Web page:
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Hurricane damage widespread, some churches still meet

JACKSONVILLE, Fla. (BP)–While Hurricane Frances slowly crossed the Florida peninsula Sunday, dumping water, uprooting trees and tearing up rooftops, Florida Baptists made preliminary assessments about how this second storm in less than a month will likely affect millions of Florida residents.

Cecil Seagle, director of missions for the Florida Baptist Convention, said Sunday, Sept. 5, he had made contact with about 25 directors of missions and pastors from across the state in order to get a idea of what Florida Baptists face.

In Miami, Seagle said there appeared to be little wind damage, but a lot of rain, according to a report by Miami Baptist Association director of missions, David Cleeland.

Up the coast in Fort Lauderdale, John Fleming, director of missions for the Gulf Stream Baptist Association, told Seagle there does not appear to be serious issues with the wind, but that power was out mostly along the coastal communities. In Plantation, there were a number of large oak trees down, according to Fleming.

John Bracken, director of missions for the Palm Lake Baptist Association in West Palm Beach, told Seagle the heaviest hit areas appeared to be around Stuart, Fort Pierce and Melbourne. It did not appear that “everything is blown away,” Seagle related.

“The preliminary evaluation is that while we have some wind damage, the real damage will be from flooding,” Seagle said.

In Orlando, Bill Faulker, director of missions for the Greater Orlando Baptist Association, told Seagle the wind damage appeared to be minimal, but that there were widespread power outages, and serious flooding in low lying areas, especially southeast Orlando.

Don Miller, director of missions for the Lake County Association, told Seagle the power availability in and around Grand Isles was intermittent.

Further inland, in Lakeland, Robert Roberts, director of missions for the South Florida Baptist Association, told Seagle there had been little rain but a lot of wind wreaking havoc in and around Fort Meade and Mulberry.

“The work they had been trying to do with Charley is basically blown away again,” reported Seagle.

In central Florida at Lake Yale, a Florida Baptist Convention campground and conference center in Leesburg, Hurricane Frances had uprooted dozens of trees, including almost every tree in front of the administration building, with 35 mph wind gusts. The campground was without power and sewer Sunday night. At least two buildings were destroyed when large trees fell on them, Don Sawyer, who is the campground’s coordinator, reported.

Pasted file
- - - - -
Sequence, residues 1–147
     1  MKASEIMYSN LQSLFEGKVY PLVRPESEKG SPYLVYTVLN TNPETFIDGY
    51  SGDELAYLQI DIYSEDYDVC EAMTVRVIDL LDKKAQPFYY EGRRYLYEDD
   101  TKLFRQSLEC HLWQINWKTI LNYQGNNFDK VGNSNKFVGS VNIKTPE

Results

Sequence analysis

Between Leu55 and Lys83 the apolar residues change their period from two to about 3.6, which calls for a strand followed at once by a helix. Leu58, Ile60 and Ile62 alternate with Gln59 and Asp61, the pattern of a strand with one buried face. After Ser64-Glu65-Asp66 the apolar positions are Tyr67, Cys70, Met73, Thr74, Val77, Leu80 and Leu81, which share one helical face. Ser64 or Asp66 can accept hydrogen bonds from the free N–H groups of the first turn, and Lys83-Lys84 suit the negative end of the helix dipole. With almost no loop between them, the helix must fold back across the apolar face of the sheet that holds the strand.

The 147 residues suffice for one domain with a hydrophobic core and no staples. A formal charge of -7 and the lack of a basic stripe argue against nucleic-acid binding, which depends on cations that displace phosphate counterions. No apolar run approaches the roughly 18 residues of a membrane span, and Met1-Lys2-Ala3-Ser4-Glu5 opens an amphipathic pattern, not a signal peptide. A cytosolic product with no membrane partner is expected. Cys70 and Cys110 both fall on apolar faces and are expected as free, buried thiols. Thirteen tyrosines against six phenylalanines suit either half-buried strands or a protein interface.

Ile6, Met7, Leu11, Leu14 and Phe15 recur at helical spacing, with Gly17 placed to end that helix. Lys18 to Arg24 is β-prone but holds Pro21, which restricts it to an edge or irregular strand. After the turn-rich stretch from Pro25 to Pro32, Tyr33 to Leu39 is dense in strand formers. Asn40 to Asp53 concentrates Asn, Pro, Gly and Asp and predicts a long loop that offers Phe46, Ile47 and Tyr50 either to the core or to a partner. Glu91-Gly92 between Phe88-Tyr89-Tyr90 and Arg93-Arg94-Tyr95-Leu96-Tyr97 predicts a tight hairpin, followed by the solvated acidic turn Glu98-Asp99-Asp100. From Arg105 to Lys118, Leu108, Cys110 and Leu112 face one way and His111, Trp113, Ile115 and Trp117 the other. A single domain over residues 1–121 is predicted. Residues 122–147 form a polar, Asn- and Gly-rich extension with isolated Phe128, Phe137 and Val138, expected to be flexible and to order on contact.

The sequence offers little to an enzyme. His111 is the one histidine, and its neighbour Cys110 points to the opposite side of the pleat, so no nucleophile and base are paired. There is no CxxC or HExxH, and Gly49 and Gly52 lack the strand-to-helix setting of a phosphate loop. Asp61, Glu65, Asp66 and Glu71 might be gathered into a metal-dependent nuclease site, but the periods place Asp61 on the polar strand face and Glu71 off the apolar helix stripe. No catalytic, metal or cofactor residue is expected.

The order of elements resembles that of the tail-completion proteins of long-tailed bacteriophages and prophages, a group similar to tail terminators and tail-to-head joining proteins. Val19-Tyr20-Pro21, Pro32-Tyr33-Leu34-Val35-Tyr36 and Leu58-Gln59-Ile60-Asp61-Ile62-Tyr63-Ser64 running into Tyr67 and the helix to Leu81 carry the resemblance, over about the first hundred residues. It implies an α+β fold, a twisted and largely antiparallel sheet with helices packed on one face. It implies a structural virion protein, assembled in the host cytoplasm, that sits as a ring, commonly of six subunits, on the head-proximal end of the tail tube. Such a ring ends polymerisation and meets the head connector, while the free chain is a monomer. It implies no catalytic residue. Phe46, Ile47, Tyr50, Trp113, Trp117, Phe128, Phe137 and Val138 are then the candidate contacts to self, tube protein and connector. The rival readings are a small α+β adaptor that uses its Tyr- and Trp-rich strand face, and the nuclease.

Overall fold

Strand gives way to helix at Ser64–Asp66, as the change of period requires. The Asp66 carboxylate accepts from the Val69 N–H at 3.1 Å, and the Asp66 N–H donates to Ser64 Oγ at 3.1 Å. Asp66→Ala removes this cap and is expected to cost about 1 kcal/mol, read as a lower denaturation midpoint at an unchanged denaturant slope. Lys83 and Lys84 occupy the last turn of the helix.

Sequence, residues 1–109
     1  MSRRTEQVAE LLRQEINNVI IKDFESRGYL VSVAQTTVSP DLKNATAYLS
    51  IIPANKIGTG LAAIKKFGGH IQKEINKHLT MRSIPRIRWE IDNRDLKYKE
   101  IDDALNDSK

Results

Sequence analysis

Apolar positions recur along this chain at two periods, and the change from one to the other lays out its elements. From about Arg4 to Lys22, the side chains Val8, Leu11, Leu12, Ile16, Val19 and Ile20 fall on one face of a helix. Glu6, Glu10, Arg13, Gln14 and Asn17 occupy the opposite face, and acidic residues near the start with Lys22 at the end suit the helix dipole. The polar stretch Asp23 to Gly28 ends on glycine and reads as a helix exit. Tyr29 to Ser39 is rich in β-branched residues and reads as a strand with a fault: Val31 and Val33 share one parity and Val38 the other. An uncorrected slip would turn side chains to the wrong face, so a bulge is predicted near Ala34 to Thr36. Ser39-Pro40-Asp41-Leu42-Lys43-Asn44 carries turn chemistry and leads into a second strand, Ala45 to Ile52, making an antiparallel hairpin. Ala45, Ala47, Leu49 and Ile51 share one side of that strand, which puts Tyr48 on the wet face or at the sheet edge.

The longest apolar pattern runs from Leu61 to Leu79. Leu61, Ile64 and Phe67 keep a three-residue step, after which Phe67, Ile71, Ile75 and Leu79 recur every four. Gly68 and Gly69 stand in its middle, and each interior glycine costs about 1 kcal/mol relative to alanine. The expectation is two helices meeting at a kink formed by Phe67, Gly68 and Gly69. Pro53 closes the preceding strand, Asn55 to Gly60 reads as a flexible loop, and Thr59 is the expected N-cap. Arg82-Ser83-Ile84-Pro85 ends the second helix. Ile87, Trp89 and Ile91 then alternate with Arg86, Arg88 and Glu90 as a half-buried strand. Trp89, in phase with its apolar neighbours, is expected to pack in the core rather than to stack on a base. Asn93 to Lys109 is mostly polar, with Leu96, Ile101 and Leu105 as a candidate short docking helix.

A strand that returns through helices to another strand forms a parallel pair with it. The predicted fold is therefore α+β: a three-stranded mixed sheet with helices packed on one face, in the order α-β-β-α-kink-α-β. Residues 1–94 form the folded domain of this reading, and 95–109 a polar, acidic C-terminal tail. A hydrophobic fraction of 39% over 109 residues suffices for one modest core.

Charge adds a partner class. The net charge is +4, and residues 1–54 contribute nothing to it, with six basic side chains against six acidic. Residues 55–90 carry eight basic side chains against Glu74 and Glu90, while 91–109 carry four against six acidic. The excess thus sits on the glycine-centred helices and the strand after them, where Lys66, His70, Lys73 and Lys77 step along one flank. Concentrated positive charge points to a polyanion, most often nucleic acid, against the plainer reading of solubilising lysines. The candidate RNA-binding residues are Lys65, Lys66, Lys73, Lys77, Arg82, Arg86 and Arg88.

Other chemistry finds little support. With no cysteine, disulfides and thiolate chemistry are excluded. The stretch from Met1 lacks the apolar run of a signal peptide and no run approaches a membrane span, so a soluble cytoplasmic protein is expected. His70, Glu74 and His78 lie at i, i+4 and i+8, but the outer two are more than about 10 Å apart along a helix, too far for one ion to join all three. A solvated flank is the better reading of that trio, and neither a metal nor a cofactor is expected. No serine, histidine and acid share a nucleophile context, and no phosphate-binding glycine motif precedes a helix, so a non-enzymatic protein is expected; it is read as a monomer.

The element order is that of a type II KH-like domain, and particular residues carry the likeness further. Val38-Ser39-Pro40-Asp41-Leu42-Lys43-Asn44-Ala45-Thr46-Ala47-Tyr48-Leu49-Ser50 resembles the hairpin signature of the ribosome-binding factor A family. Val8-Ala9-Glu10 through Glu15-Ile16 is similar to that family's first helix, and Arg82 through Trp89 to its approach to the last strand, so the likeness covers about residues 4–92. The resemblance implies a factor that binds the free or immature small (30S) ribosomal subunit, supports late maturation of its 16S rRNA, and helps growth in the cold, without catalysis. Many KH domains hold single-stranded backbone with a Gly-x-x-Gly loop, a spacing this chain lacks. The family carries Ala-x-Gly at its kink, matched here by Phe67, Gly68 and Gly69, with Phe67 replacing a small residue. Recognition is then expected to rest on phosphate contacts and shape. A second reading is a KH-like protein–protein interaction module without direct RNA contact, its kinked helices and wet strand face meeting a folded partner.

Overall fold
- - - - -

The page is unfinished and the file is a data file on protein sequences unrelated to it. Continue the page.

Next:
“It’s hit us pretty hard,” Sawyer said. “It looks like a war zone out here.”

Sawyer also said the Emergency Operation Center for FEMA in Florida had been contacted because the campground was slated to serve as the main command center for Southern Baptist Disaster Relief operations following Frances.


About 250-300 people, many housed at the facilities, attended worship at First Baptist Church in Leesburg, according to executive pastor Art Ayris.

As a ministry to the city of Leesburg, FBC served as a shelter to the families of fire and police department personnel and heavy equipment operators. Ayris said they will continue to house and feed people for the next few days as Floridians prepare for Ivan as well.

“We’re just getting the tail end of Frances,” Ayris said. “We have just been able to have a lot of ministry to people because of this.”

West of Leesburg, Ed Johnson, pastor, First Baptist Church, Ocala, said there had been a “little wind” in the area by Sunday afternoon, but no major problems, with the exception of somewhat irregular power and debris covering area roads.

Johnson said due to the sporadic storm predictions, church leaders were undecided as to whether to call off Sunday morning worship services, and instead decided to have a “very abbreviated service” for the folks who ventured out.

About 100 showed up instead of the usual 1,500 hundred that attend morning services.

“We didn’t set a record for high attendance,” Johnson said. “But we did at least pray together before sending them on their way.”

In northeast Florida along the coast, many churches cancelled all Sunday services, anticipating the worst from a Hurricane Watch that was issued and then downgraded to a Tropical Storm warning.

Not all churches decided to cancel, however.

Standing on a 43-acre campus along the St. John’s River in Jacksonville, North Jacksonville Baptist Church drew about 600 worshippers, down from its normal 2,500 who attend.

Packing up a few refrigerated items in an ice chest in case the power went out-Frank Douglas, the church’s media coordinator, told the Florida Baptist Witness that except for the lower attendance, it was business as usual at the church facility, built in 1989.

“It was very good; we always have a good service,” Douglas said.

Just a few miles up the road at First Baptist Church, Jacksonville, whose pastor is Jerry Vines, a former president of the Southern Baptist Convention, the parking garages were empty by noon as a smaller than usual crowd dispersed to their homes.

Drenched in rain, against a backdrop of dark clouds and menacing skies, the First Baptist lighthouse stood as a beacon to the city, even in the midst of power outages, tornado warnings, heavy wind and rain.

According to a security guard at the church’s sprawling campus that encompasses several city blocks and includes nearly a half-dozen parking garages, attendance was lower than usual, but the church “never lost power” like several other buildings in the downtown area.


Hannigan is managing editor of Florida Baptist Witness, on-line at www.FloridaBaptistWitness.com.

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  • Joni B. Hannigan